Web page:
What Change.org, MoveOn.org and global people-led platforms can teach us about putting members in the driver’s seat
Originally published Jan 16, 2014 at MobilisationLab.org
Saving hospitals in the UK. Blocking “super trawlers” in Australia. Winning local environmental battles in India. Stopping biased education standards in the United States. Suddenly, platforms that allow anyone to start a petition and run their own campaigns are everywhere.
But the impressive growth of this new frontier in people-powered campaigning brings with it new questions: How do these “grassroots-led campaigns” platform actually work? What kind of impact are they actually having on the world? What are the wider implications of this new approach to campaigning for individuals and organizations? Should every group launch their own grassroots-led campaigns platform? If not, why not?
We answer these questions and more in a new Mobilisation Lab report, Grassroots-led Campaigns: Lessons from the new frontier of people-powered campaigning, which summarizes the wisdom and insight of the people at the cutting edge of grassroots-led campaigns.
Read on for our five key takeaways:
1) If you generate campaigns and test, you will grow. Part of the value of grassroots-led campaigns is that they reach new audiences and bring in new members. If you generate a sufficient volume of campaigns (see #2 — and the full report) and test to see which campaigns recruit new people before promoting them widely, your membership will grow.
2) Campaigns volume leads to growth and impact. Any one campaign could potentially recruit thousands of new members, or have a huge impact. But the reality is that to you need to generate a lot of campaigns each month in order to grow your member base and, to a lesser extent, create impact through winning campaigns.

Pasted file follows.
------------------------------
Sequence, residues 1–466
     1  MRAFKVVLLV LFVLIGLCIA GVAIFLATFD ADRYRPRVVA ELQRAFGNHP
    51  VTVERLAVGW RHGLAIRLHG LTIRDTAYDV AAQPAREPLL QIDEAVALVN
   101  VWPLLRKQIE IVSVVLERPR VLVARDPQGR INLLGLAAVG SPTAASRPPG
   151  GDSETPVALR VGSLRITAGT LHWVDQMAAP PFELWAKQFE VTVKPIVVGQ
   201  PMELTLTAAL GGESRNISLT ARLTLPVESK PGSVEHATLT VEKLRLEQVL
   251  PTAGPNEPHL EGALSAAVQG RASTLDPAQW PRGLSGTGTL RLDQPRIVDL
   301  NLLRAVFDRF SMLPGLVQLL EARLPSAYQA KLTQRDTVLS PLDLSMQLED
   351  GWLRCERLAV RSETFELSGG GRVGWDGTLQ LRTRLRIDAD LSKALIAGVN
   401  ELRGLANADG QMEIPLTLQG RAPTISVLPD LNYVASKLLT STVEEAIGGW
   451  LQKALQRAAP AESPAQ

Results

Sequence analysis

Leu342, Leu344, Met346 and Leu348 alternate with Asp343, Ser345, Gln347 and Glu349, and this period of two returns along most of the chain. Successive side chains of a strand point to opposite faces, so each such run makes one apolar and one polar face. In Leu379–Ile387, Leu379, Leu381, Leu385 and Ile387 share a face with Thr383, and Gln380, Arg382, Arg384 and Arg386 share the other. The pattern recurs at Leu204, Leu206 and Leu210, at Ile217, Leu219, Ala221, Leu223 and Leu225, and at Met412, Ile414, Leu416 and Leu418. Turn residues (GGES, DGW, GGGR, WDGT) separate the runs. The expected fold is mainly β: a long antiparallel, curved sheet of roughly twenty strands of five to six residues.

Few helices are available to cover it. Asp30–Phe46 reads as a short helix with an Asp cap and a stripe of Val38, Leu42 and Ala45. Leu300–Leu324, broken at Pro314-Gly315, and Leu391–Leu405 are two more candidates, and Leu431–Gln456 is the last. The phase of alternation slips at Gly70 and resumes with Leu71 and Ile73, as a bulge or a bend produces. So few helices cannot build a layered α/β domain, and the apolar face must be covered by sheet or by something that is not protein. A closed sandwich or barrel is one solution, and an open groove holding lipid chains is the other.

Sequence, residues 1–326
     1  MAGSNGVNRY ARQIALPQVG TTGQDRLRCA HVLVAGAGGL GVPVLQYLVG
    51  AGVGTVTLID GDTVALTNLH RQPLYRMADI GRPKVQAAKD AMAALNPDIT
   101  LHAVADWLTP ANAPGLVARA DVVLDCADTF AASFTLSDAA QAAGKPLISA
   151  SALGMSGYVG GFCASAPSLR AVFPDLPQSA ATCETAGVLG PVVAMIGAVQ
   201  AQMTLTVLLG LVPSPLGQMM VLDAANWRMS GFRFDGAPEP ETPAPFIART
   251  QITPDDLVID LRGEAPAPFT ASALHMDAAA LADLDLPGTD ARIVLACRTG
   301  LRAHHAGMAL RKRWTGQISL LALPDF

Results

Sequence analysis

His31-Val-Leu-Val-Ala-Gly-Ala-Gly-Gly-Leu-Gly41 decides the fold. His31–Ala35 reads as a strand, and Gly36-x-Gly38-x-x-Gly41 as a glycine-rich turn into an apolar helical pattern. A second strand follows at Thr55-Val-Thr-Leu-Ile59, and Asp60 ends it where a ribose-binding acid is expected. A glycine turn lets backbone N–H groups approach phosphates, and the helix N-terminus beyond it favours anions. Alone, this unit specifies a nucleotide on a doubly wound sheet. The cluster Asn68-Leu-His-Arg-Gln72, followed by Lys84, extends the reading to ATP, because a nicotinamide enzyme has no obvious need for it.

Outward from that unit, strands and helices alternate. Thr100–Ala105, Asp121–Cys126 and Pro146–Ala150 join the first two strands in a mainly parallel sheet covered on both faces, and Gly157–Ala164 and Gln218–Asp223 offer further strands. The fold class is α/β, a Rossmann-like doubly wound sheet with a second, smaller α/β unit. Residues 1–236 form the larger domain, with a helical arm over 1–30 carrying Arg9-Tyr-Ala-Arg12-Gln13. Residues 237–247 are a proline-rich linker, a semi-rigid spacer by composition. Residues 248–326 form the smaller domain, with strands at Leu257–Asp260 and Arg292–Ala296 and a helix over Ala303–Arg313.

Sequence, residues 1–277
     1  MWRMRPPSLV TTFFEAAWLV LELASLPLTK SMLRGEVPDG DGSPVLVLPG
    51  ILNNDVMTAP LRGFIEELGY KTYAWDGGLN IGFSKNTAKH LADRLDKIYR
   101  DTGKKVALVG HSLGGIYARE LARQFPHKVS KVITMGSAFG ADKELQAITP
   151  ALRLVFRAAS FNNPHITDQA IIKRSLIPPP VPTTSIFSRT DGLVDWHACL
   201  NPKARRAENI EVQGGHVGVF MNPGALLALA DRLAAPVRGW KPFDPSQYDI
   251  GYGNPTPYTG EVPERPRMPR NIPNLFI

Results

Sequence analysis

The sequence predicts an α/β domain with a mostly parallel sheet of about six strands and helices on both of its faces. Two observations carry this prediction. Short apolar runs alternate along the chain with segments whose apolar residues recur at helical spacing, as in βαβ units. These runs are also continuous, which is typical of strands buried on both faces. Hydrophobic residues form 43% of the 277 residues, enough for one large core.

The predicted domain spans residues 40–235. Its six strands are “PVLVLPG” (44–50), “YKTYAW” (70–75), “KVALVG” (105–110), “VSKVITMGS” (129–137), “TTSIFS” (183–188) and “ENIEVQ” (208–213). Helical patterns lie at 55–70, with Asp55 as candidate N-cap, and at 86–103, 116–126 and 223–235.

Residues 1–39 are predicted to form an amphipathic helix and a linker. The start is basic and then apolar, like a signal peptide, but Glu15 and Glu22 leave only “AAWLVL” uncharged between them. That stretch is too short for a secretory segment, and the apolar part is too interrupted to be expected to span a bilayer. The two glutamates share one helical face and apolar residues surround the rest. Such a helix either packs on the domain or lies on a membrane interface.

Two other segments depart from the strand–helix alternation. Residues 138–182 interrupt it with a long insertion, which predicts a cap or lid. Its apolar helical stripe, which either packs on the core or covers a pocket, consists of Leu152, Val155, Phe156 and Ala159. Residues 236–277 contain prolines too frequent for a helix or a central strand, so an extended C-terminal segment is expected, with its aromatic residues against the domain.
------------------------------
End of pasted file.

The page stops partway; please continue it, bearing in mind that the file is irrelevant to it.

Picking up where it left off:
3) Grassroots-led campaigns win victories and add value, but don’t entirely replace staff-led campaigns. There is no denying that giving people more power to campaign on the things they care about brings real value for everyone involved, and creates real change in the world. But don’t fire anyone — you still need a team to win campaigns on all those big, intractable problems.
4) Invest staff time to be successful. This was the universal refrain from every group interviewed. Grassroots-led campaigns platforms are not Field of Dreams — “If you build it, they will come.” You need to spend resources generating campaigns and helping campaign creators be successful.
5) Initial concerns and expectations are often overstated. This report will help you avoid many of the big red flags that worry groups considering giving more control to their members, while offering guidance for setting reasonable expectations around what grassroots-led campaigns can accomplish.
Want more? The full report reviews the basics of grassroots-led campaigns, spells out their impact on the world, digs into strategic lessons current programs, and offers practical steps to success. It is designed to be quick, helpful resource whether you are an executive director trying to decide whether to invest in this new model, a practitioner tasked with building a program, or anyone who wonders about the future of people-powered campaigning.
Take a moment to read the full report now, and share it far and wide.
Colin Holtz is a freelance writer and digital strategist. He is the former National Campaigns Director of Rebuild the Dream.